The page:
Posted Under Paganism & Witchcraft

Ritual: Invoking Hermes for Clear and Truthful Communication

Yellow Candle

One of the most critical issues that has emerged as we face this crisis era is the issue of clear and truthful communications. The internet has provided many opportunities for both good and ill, linking people with the likeminded, facilitating communications between people who would otherwise never meet, tying far-flung families and friends together. It has also allowed radical or disgruntled people who would have otherwise been isolated to organize into hate groups, proliferated bullying of anyone who dissents from a community viewpoint, and allowed falsehoods to be spread as fact to compete with actual news. Diplomacy is conducted in 280 characters, heads of state threaten war or civil insurrection on social media, and literally millions see false information deceptively spread by foreign governments. As individuals, how do we know what to trust? How do we deal with being dogpiled, swatted, doxxed, or the threat of these things? How do we deal with the constant negativity that many of us face online? How do we tell the difference between what is genuine activism on behalf of a cause we support and deliberate manipulation by a foreign government who means to divide us and create hatred between groups?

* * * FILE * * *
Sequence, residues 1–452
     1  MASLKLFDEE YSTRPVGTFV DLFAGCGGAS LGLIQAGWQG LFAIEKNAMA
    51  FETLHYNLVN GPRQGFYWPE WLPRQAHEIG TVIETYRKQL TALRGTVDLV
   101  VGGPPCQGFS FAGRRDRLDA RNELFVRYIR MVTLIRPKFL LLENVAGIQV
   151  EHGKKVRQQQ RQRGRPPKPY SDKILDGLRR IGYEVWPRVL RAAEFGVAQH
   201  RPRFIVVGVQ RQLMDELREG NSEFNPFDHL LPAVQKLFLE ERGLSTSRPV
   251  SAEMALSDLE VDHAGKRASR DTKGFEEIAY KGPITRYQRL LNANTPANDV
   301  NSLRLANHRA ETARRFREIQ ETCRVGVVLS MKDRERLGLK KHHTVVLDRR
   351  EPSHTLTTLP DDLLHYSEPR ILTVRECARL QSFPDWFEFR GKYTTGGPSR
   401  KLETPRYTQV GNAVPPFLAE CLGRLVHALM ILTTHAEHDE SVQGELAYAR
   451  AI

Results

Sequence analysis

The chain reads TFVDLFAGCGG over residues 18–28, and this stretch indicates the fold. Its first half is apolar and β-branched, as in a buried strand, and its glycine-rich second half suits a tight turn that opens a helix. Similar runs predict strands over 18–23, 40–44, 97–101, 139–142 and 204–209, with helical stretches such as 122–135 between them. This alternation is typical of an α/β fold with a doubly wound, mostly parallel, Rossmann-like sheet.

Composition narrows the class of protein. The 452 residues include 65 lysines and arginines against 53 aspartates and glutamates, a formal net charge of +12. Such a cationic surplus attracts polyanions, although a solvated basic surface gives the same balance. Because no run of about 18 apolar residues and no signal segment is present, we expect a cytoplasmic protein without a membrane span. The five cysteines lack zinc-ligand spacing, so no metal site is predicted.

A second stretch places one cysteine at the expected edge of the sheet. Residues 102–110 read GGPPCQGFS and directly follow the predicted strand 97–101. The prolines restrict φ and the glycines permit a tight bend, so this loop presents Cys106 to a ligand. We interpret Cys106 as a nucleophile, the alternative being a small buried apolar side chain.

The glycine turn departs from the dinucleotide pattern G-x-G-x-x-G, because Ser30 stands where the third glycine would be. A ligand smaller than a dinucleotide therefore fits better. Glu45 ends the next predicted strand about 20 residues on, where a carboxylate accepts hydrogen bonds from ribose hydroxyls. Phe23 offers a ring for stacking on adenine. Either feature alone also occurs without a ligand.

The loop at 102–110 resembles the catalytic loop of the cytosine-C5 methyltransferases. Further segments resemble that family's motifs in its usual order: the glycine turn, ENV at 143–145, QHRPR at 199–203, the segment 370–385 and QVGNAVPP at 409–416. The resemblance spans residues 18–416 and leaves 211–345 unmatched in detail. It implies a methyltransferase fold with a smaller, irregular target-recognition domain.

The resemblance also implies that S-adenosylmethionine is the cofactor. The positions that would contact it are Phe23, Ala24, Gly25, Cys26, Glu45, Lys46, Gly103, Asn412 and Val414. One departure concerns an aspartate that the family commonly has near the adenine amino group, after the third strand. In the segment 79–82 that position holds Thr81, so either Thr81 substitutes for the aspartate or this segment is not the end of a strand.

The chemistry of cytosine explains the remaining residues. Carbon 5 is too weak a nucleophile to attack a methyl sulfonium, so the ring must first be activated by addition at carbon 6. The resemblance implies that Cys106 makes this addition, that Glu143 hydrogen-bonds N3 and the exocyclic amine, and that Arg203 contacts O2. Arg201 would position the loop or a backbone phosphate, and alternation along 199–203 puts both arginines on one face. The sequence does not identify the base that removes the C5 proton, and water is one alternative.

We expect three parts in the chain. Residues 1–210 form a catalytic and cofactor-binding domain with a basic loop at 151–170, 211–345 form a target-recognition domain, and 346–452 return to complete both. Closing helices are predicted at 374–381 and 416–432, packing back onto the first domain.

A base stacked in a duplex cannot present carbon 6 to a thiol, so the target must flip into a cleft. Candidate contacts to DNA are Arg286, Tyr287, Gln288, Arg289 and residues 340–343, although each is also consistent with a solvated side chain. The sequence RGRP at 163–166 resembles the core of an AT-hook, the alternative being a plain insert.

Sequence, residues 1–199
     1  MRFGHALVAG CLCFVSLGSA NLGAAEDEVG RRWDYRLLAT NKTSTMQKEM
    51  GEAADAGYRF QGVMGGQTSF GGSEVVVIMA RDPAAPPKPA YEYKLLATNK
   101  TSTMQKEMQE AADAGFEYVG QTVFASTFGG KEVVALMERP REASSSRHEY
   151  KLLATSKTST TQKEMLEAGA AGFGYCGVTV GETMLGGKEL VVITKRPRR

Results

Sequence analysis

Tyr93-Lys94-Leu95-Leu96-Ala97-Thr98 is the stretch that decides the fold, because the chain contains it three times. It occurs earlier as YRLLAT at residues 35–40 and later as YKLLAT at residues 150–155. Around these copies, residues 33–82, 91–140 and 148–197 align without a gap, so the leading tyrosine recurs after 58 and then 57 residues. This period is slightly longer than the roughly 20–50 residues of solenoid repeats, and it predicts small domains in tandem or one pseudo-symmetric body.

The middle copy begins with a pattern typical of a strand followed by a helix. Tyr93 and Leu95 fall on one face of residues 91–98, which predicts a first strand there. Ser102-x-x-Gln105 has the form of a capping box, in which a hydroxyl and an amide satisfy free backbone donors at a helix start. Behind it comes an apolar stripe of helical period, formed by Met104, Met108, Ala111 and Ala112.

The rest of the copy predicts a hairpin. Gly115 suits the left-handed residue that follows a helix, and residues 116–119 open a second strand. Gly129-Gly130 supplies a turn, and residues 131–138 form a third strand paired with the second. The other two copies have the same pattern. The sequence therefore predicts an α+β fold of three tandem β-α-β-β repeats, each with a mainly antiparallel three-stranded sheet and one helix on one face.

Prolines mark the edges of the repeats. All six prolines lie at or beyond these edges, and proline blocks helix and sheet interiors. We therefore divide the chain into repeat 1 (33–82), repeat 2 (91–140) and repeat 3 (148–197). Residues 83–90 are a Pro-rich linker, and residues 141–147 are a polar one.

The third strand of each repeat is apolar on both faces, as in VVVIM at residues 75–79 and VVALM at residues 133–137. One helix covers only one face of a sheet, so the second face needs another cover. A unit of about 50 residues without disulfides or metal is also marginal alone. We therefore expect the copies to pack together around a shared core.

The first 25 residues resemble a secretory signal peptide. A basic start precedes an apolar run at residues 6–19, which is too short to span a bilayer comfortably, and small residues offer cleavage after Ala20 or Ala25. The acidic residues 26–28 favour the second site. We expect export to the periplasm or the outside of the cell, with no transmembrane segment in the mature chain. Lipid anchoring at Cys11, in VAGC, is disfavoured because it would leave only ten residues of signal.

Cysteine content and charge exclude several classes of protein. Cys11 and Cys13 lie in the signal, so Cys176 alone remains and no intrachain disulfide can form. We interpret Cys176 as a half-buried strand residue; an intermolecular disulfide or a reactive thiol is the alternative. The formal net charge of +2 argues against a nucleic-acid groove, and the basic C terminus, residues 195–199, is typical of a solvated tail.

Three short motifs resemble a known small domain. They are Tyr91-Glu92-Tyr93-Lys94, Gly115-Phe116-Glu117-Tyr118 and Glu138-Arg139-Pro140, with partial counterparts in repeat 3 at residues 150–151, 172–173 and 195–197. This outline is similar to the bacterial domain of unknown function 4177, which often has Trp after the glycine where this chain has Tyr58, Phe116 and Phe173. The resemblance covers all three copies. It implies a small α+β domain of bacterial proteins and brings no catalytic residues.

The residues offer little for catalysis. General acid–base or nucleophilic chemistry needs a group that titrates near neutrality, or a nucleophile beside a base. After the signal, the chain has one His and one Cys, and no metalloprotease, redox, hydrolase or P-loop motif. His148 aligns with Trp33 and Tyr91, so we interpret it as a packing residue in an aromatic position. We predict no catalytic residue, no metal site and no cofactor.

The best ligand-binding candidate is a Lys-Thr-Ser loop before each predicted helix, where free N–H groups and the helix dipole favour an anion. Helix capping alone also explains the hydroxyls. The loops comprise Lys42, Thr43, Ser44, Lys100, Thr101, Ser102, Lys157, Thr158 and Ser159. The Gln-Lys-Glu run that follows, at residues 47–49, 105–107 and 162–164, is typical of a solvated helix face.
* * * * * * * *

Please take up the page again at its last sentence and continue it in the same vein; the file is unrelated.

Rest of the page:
Hermes rules communication and media and should be invoked to bring clarity and truth in messages. The purpose of this rite is to turn negative interactions into positive ones and falsehood into truth. Some of this takes place in sacred space, which involves stating your intentions. However, intentions without follow-through are just words. The last steps of this ritual, actually making the second and third offerings you plan, must be done outside of sacred space in the days to come.

The Rite
You will need:

  • A gold or yellow candle
  • Incense and a burner, preferably frankincense
  • Something with which to light the candle and incense
  • Your computer or phone (or however you access the internet)

Light the gold or yellow candle and a fresh stick or cone of incense. Take a few moments to breathe deep and center.

Hold in your mind the image of Hermes, running fleet-footed to deliver messages accurately and truthfully. You are going to make an offering to him, a gift that gives both to him and to its human recipients.

"Hermes, god of Communication and Media, of clear and truthful news and information, of messages used for positive means, help me to use media to bring light and happiness rather than pain and suffering. May my offerings be to your honor."

The First Offering
Consider someone you admire. Perhaps it's an author or an actor or artist whose work you have always enjoyed, or perhaps it's a public figure of a different kind, or even a local business with whom you have had great experiences—but it should be someone you do not know personally. Now give them something right now. You are sitting at your computer. Maybe it's an amazing review on Yelp or Amazon, or a fantastic testimonial on Etsy or Goodreads. It should be all positive. It should not equivocate or criticize. This is an offering, a gift of the best. Tell someone you don't know how much you have appreciated their work.